Stratosphere -- The internationally themed (though in a high-school production kind of way, compared to what's over at Planet Hollywood and The Venetian) second-floor Tower Shops promenade, housing more than 40 stores, is entered via an escalator from the casino. Some shops are in "Paris," along the Rue Lafayette and Avenue de l'Opéra (there are replicas of the Eiffel Tower and the Arc de Triomphe in this section). Others occupy Hong Kong and New York City streetscapes.

Treasure Island -- TI's shopping promenade is nowhere near as interesting since they took out all the pirate-themed bits. Emporia here include the TI Store (your basic hotel gift/sundry shop, also offering much pirate-themed merchandise) plus the Sirens of TI-themed lingerie shop. Cirque du Soleil and Mystère logo wares are also sold in a shop near the ticket office in the hotel.

The Venetian -- After you've shopped Ancient Rome at Caesars, come to The Grand Canal Shoppes and see if shopping in Renaissance-era (more or less) Venice is any different. Certainly the production values stay high: This is a re-created Italian village, complete with a painted, cloud-studded blue sky overhead, and a canal right down the center on which gondoliers float and sing. Pay them ($16), and you can take a lazy float down and back, serenaded by your boatman (actors hired especially for this purpose and with accents perfect enough to fool Roberto Benigni). The stroll (or float) ends at a miniature (though not by all that much) version of St. Mark's Square, the central landmark of Venice. Here, you'll find opera singers, strolling musicians, glass blowers, and other bustling marketplace activity. It's all most ambitious and beats the heck out of animatronic statues.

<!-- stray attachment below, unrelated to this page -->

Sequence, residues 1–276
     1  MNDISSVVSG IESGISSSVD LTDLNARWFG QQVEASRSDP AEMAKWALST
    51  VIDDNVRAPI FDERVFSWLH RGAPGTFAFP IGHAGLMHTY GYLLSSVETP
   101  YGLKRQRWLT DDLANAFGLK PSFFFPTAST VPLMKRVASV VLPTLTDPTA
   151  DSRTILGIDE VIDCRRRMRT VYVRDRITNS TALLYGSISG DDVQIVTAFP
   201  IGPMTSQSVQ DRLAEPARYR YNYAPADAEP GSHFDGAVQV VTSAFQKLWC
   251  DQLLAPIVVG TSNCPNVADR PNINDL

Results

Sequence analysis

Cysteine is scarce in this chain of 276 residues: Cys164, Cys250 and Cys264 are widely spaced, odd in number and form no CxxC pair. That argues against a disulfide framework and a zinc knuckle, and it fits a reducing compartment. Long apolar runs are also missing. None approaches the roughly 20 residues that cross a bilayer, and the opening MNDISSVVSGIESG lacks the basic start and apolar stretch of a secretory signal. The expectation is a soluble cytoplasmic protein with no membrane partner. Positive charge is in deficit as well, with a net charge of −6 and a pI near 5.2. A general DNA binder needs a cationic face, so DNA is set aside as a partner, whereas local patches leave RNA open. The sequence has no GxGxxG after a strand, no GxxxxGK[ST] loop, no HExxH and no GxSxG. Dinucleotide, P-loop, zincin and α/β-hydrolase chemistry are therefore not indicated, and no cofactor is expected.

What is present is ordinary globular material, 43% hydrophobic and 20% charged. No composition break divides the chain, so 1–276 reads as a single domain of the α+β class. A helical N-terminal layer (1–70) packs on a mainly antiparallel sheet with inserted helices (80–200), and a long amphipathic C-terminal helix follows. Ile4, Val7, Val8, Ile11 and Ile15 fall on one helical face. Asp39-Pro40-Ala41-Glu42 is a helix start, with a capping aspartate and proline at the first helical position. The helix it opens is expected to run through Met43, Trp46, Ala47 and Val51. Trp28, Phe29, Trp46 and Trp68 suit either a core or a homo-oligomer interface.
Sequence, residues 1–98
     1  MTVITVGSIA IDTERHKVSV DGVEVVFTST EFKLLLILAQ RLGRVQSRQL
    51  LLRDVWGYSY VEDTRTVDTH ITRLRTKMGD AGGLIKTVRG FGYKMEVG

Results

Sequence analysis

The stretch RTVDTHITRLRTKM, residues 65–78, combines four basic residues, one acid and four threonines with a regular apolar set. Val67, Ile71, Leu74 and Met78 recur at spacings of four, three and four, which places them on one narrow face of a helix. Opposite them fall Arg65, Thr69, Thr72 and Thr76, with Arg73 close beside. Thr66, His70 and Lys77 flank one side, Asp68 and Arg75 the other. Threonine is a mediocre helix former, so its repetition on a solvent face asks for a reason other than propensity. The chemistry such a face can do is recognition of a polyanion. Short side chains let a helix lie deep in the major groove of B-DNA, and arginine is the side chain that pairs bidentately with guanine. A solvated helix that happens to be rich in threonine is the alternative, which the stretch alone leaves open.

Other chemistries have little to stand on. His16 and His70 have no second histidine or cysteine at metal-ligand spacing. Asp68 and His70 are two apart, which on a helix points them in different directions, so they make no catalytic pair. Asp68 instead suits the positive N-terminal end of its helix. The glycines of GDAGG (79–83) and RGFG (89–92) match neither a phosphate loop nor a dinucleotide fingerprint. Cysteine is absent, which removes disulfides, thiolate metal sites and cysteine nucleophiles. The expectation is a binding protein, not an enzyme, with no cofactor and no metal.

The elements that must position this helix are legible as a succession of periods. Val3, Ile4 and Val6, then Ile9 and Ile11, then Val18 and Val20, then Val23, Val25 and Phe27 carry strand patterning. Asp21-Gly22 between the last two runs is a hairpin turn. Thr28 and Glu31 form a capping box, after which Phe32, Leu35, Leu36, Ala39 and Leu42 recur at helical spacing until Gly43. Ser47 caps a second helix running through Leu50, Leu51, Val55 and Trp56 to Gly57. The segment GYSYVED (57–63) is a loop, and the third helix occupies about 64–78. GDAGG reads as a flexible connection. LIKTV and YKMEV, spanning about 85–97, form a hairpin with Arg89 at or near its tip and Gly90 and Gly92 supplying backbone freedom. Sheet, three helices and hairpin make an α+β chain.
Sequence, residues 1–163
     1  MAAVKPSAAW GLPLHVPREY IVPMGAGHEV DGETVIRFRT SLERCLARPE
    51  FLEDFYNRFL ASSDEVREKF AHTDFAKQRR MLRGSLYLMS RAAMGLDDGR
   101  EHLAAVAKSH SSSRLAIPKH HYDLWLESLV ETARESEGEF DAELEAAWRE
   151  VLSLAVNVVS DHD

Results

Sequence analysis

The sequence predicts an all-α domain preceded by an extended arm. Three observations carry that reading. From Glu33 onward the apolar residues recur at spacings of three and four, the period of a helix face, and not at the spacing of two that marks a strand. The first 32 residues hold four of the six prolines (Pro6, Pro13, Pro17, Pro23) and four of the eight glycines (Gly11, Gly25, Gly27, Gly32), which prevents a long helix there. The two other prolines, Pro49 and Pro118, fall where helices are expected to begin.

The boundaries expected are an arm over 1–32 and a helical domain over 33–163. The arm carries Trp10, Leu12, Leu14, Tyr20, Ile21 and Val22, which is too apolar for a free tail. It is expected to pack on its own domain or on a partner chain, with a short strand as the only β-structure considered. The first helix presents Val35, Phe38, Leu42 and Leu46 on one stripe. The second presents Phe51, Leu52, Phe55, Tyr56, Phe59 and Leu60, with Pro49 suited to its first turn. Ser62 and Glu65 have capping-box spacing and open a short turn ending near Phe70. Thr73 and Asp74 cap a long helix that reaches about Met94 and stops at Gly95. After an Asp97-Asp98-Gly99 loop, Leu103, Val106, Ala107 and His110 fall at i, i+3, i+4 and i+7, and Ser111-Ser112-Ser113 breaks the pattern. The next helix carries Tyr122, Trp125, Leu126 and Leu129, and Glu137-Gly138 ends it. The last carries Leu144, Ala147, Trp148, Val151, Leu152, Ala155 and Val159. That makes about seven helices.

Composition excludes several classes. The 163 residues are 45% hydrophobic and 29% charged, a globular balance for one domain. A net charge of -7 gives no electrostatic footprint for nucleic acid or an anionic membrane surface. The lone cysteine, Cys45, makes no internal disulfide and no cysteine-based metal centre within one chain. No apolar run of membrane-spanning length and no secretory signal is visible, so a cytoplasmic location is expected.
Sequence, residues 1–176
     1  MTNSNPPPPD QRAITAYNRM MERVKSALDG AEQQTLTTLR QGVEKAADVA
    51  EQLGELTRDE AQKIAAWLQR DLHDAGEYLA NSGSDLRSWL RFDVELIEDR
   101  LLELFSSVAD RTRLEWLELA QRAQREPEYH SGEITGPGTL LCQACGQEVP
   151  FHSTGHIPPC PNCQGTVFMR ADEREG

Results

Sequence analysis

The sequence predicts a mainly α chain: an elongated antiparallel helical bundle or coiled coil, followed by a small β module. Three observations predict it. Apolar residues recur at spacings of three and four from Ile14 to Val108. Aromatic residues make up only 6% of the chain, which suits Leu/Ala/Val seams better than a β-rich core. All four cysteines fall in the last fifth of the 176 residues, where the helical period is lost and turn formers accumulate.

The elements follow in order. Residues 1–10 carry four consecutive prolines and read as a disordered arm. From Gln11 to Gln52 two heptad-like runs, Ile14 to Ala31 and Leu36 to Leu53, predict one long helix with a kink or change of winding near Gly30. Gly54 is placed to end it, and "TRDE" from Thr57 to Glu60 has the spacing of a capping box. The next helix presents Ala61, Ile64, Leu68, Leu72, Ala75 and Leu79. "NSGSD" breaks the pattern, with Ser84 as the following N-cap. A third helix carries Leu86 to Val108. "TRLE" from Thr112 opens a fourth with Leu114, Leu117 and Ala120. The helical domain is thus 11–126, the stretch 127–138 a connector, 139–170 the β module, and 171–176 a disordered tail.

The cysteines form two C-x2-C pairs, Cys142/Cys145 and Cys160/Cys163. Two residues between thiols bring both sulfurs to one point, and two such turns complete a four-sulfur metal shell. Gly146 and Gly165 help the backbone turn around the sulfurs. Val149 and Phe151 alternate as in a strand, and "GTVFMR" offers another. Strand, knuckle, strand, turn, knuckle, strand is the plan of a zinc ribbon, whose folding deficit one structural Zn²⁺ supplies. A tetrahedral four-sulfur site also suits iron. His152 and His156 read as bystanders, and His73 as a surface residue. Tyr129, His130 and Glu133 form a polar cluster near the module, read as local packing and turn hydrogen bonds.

The Shoppes are accessible directly from outside (so you don't have to navigate miles of casino and other clutter) via a grand staircase whose ceiling features more of those impressive hand-painted art re-creations. It's quite smashing.

Oh, the shops themselves? The usual high- and medium-end brand names: Cache, Davidoff, Kenneth Cole, Ann Taylor, BCBG, bebe, Banana Republic, Rockport, and more, plus Venetian glass and paper shops. Madame Tussauds Celebrity Encounter is also located here, and so is the Canyon Ranch Spa Club. The Shoppes are open Sunday through Thursday from 10am to 11pm and Friday and Saturday from 10am to midnight. For more information visit www.thegrandcanalshoppes.com.

Wynn Las Vegas -- The Esplanade is along the same rarified lines of the Bellagio shopping area, in that it's a Euro-style-esque (love those Vegas qualifiers!) shopping street lined with pricey places with famous names -- Oscar de la Renta, Manolo Blahnik, Chanel, Cartier, Dior, Alexander McQueen, and Louis Vuitton. We prefer it to the one at Bellagio because it seems like it has just enough shops that nearly reach an average person's budget.

Note: This information was accurate when it was published, but can change without notice. Please be sure to confirm all rates and details directly with the companies in question before planning your trip.